Posts tagged capture

Looking at Video File Metadata

Three choices as per the details here:

tcprobe -i filename
ffmpeg -i filename
midentify filename

Info on file types here.

I’m trying to understand video formats to make it easier to transcode for various purposes. I’ve found some useful links: > the DV, DVCAM & DVCPRO Formats

HDV vs HD: A Primer

Digital Video Formats and Video Conversion Explained

Video File Formats 101 : Formats Explained

Capturing Old VHS Tapes

Yes, I’m digitizing everything — it’s like all of my belongings are slowly being vacuumed up into the computer.

This time it is VHS tape I’m working on. I’m not concerned about commercially recorded tapes — I got rid of all of those a while ago. Rather, I want to capture the tapes we have which are irreplaceable. In our case that is mostly videos which feature people in our family that we recorded from TV or other sources.

I figured the simplest method would be to feed the video out from a VCR to the AV IN on one of my cameras, then sent the output via firewire to my computer for capture using dvgrab. Turns out it worked like a charm.

I found a great explanation of the process here.

I used my old Panasonic PV-GS700 which no longer records properly — it works just fine to convert the analog signal to digital output. I had to switch the camera’s “DV OUT” setting to “ON” and it was ready to go. Here is the dvgrab command I used to capture the video (where “foo” is the base output filename):

dvgrab –frames 0 –size 0 –format raw -noavc -showstatus -d 02:10:00 foo

Note: if you are keeping an eye on it, you can stop the capture at the actual end of the tape by pressing ctrl-c and the output file will still be fine. You don’t have to wait until the 2:10 mark — that is just for convenience so the capture doesn’t continue to run indefinitely.

As per the instructions in the link, the following command is a handy way to trim off the excess from the end of each file (where the time element is the place you want to end the clip):

dvgrab -showstatus -stdin -d 1:05:10 -s 0 foo-001_trimmed.dv < foo-001.dv

Hauppauge WinTV-HVR 950Q USB TV Tuner

I purchased a USB TV tuner device hoping to be able to do two things: a) receive (and possibly record) analog NTSC TV broadcasts, and b) accept analog input from a VCR to digitize some old VHS media.

After a lot of red herrings and attempts to install drivers, I finally understood that the device had been detected in Ubuntu Jaunty without any extra effort. Configuring the device was a little more complicated, however. I installed the following packages to help diagnose whether the device was working: dvb-apps, dvb-utils, w-scan. Unfortunately, I’ve discovered that apparently Video4Linux doesn’t support receiving analog signals with this device (my fault for not doing more research, I guess). We don’t have digital signals where I live (and I don’t have digital cable or any other usable sources available).

Potentially helpful info here and here.

Plan B: try to get the device running under Windows XP in VirtualBox.

Capturing from Canon Vixia HV40 in Ubuntu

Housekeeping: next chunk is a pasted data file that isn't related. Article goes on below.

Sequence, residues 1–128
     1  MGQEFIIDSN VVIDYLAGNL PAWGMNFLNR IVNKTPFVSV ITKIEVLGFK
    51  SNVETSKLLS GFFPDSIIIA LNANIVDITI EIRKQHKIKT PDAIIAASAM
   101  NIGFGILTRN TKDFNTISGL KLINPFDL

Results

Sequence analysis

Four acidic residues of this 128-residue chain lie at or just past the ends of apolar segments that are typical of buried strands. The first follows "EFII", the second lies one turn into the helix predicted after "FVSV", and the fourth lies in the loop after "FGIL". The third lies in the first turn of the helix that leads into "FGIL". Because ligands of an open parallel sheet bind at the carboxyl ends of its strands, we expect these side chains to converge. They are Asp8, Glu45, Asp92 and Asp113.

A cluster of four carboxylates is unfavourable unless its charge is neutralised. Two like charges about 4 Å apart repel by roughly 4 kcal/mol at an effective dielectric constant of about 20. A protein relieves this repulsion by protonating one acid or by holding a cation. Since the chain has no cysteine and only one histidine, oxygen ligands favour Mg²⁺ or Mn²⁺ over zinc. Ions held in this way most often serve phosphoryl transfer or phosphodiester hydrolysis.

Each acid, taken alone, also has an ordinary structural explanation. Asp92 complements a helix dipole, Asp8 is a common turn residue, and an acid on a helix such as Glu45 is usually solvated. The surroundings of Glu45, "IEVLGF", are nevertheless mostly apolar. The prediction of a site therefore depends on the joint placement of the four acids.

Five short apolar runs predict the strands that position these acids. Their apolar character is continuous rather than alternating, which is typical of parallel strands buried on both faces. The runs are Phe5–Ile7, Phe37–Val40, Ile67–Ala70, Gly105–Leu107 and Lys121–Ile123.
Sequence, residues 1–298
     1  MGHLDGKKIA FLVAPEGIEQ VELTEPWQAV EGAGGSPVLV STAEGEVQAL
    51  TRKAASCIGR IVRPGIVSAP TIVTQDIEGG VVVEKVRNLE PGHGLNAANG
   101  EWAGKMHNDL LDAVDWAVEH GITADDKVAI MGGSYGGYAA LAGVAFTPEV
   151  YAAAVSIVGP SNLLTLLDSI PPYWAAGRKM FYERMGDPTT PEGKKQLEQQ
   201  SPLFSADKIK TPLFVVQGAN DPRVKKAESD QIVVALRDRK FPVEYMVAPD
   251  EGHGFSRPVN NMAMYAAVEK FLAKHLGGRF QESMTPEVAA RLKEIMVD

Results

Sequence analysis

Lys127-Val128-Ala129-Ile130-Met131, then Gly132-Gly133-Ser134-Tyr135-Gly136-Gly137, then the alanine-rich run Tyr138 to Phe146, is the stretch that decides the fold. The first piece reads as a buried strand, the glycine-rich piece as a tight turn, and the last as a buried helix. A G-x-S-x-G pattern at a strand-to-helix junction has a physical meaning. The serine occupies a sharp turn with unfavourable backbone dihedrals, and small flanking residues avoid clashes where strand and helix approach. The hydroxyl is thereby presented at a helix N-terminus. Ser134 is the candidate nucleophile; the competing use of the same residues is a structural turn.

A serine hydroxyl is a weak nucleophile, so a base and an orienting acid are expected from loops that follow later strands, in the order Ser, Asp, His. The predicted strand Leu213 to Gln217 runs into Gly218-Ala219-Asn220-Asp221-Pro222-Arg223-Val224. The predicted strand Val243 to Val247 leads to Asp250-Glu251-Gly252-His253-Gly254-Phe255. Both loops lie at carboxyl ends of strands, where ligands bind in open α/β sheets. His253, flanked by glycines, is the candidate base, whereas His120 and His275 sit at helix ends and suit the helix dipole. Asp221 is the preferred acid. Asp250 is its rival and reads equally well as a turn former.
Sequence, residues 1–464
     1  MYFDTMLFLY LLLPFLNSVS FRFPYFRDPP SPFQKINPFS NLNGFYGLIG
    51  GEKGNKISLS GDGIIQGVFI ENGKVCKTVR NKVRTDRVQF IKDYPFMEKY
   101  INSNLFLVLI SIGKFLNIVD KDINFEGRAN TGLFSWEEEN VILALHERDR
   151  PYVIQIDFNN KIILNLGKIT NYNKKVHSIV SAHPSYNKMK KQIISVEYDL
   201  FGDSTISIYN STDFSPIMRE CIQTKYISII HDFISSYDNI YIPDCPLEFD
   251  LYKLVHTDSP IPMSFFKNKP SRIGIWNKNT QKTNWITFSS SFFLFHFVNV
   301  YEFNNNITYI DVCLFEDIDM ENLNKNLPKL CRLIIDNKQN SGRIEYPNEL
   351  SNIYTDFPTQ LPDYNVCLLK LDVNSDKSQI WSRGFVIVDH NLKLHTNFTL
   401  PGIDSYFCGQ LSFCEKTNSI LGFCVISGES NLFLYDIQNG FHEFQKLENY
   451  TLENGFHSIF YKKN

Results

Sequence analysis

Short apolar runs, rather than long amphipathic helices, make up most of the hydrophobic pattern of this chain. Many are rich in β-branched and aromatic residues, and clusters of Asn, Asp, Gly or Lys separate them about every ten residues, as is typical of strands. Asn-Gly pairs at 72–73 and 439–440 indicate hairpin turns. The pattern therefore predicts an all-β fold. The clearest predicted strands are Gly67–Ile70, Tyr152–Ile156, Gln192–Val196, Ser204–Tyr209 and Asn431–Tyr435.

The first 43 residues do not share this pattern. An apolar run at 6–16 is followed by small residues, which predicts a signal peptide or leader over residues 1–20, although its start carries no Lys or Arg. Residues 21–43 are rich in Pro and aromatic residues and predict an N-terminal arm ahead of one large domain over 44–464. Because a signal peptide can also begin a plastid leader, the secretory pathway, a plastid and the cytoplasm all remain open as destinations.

I am very pleased to report that capturing from my new camera works like a charm.  I hardly had to do any tweaking to get it to work.

Here are some commands that worked for me to begin with:

  • grab video
    sudo dvgrab –autosplit –frames 0 –size 0 –format hdv –buffers 1000 –showstatus –timestamp /home/video/foo-
  • convert to avi format for facebook, etc.
    ffmpeg -i foo.m2t video.avi
  • convert to dv format for editing
    ffmpeg -i /home/video/foo.m2t -target ntsc-dv foo.dv

Capturing Video Over Firewire in UbuStu

Today I wanted to capture some video from mini-DV tapes using my camera, a Panasonic mini-DV model. I have done so in the past using a firewire cable, but this is the first time I’ve tried with my new Ubuntu Studio setup.

Here are the steps to follow:

1. In “Ubuntu Studio Controls,” check “enable raw1394 access.” If you try to use your firewire device now, it may crash the machine, so you should reboot before proceeding. I had the system freeze up on me two or three times before I had everything working reliably (this may be a result of the wonky firewire connection on my camera, which seems to be loose).

2. After the reboot, put the camera into VCR mode and press play. Then run Kino (from a terminal as root) and switch to capture mode. You should see the video playing in the Kino window. Rewind the tape again before you proceed. This step seems to be necessary in order to get Ubuntu Studio to recognize the camera as a firewire device (dvgrab may work just as well).

3. If you aren’t capturing a whole tape, you could just use Kino to control the camera and capture the clips. I actually prefer to do the capture from the command line using dvgrab.  To begin capture, enter this command (again as root):

#dvgrab –autosplit –frames 0 –size 0 –format raw –timestamp <dest>/<foo>

In this command, <dest> is the place you want to store the clips (e.g. /home/video), and
<foo> is whatever prefix you want the resulting filenames to have (e.g. tape1-). The clips will automatically be split into files and the timestamp will follow the prefix in each name.

Once you run the dvgrab command, it will wait for you to press play on the camera and begin capturing the clips. You’ll have to press <ctrl>-c once the clips are finished being captured.

Because of the broken firewire connection on my camera, I investigated the possibility of using USB to capture video, but that doesn’t appear to be a viable choice (and much slower, even if one could get it to work).

More info on firewire in Ubuntu here: Firewire – Community Ubuntu Documentation